Effective Arch Thickness

Detail of a "Modified Sharp Arch"

The stones of an arch do not necessarily have to fit in place perfectly for the arch to be strong. The key requirement for an arch is that the effective arch thickness is sufficient. What is effective arch thickness? As the name implies, it is how much of the arch is actually transferring forces.

Effective Arch Thickness: An Example

If you have ever built a drystack DIY arch with nice flat slabs of rock without spending much time cutting them, odds are you will sooner or later notice that little gaps appear on the inside surface of the arch where it rests against the centering. These gaps will often not be noticeable until the centering is removed. They are caused by the fact that no flat slab of rock is truly flat, unless it is smoothed. For whatever reason, our observation is that natural slabs of limestone have an annoying subtle curl at the end, which leaves gaps in the arch when laid that are often invisible until the centering is removed. As it happens, however, these gaps do not necessarily mean that the arch is weak, even though a bottom couple of inches of the arch stones do not make physical contact with each other. The arch still succeeds because there is enough contact between stones that the defective bottom part of the arch does not cause problems.

Detail of a "Modified Sharp Arch"
As can be seen, there are some gaps between stones at the edges of the underside of the arch of this bridge. This still works (obviously, for the bridge is standing) but does mean that the effective arch, the part of the arch that is carrying the load, is thinner than it, at a glance, may appear.

This is where effective arch thickness comes in. If my arch is a foot thick, but the bottom three inches of most stones are not making contact, my effective arch thickness becomes nine inches; nine inches of the arch is actually carrying the load and the bottom three inches are not doing anything.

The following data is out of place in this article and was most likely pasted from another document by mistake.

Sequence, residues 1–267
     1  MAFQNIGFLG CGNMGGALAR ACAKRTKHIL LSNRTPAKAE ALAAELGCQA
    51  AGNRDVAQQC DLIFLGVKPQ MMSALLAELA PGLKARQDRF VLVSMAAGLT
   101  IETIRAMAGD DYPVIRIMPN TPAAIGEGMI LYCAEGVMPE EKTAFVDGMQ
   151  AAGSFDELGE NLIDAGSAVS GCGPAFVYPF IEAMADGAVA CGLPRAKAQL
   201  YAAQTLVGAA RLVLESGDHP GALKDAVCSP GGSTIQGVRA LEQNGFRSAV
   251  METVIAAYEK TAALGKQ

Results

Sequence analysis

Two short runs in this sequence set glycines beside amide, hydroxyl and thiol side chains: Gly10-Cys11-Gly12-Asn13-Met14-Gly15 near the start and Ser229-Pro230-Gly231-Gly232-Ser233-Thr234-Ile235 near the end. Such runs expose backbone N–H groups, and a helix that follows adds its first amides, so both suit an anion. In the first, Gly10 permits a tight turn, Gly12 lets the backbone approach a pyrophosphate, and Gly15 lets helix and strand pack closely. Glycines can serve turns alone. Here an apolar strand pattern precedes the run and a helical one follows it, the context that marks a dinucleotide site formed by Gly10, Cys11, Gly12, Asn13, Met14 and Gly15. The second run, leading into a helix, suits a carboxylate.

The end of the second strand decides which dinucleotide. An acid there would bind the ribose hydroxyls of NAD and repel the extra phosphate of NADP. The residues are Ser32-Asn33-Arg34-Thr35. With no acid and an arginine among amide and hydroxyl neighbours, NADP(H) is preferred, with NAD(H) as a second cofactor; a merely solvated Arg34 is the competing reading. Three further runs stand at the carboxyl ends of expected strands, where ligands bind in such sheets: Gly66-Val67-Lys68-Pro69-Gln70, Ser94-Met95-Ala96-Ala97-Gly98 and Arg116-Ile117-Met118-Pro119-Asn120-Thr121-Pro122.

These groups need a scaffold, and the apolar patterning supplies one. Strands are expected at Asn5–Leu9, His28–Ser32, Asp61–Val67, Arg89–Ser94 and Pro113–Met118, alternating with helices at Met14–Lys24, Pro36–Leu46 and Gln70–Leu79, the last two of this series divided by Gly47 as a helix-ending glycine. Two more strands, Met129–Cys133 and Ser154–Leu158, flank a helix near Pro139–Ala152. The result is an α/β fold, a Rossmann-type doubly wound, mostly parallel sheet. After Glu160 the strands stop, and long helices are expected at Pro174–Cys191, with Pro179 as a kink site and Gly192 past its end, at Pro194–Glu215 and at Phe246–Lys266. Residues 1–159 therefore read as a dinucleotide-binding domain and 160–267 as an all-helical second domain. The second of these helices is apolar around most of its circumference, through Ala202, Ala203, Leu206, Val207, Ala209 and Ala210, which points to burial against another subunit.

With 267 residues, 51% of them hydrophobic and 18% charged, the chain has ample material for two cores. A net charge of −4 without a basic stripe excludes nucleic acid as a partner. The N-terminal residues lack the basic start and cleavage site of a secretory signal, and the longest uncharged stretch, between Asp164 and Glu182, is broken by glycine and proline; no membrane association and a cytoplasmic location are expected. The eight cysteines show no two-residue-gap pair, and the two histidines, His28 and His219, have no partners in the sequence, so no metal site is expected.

Effective Arch Thickness: Building Strong DIY Arches With Minimal Stone Cutting

This concept of effective arch thickness is actually a lifesaver for those of us who are not professional stonecutters. It means that we can build an arch thicker than it needs to be, knowing that there will be some gaps in the arch, and there will still be enough effective thickness in the arch for the bridge to stand. Of course such gaps should be mitigated as much as possible, but gaps in the arch do not automatically spell disaster. How much thicker an arch needs to be to compensate for imperfections varies, but in general multiplying the required arch thickness by 1.25 seems to be a very safe bet based on our experience. In general, you cannot build an arch that is too thick, though practically speaking the thicker the arch the more material required and the higher the “hump” of the structure becomes.

Effective Arch Thickness: Load Ratings

One other use of effective arch thickness is when determining the load rating of an old, deteriorated or roughly-built stone bridge. Periodically a stone arch bridge with ragged inside edges on the arch will be found. When calculating the load rating for such a bridge, the rough parts of the bridge are factored out, leaving the effective arch thickness, which then is used to determine how much load the bridge can safely carry.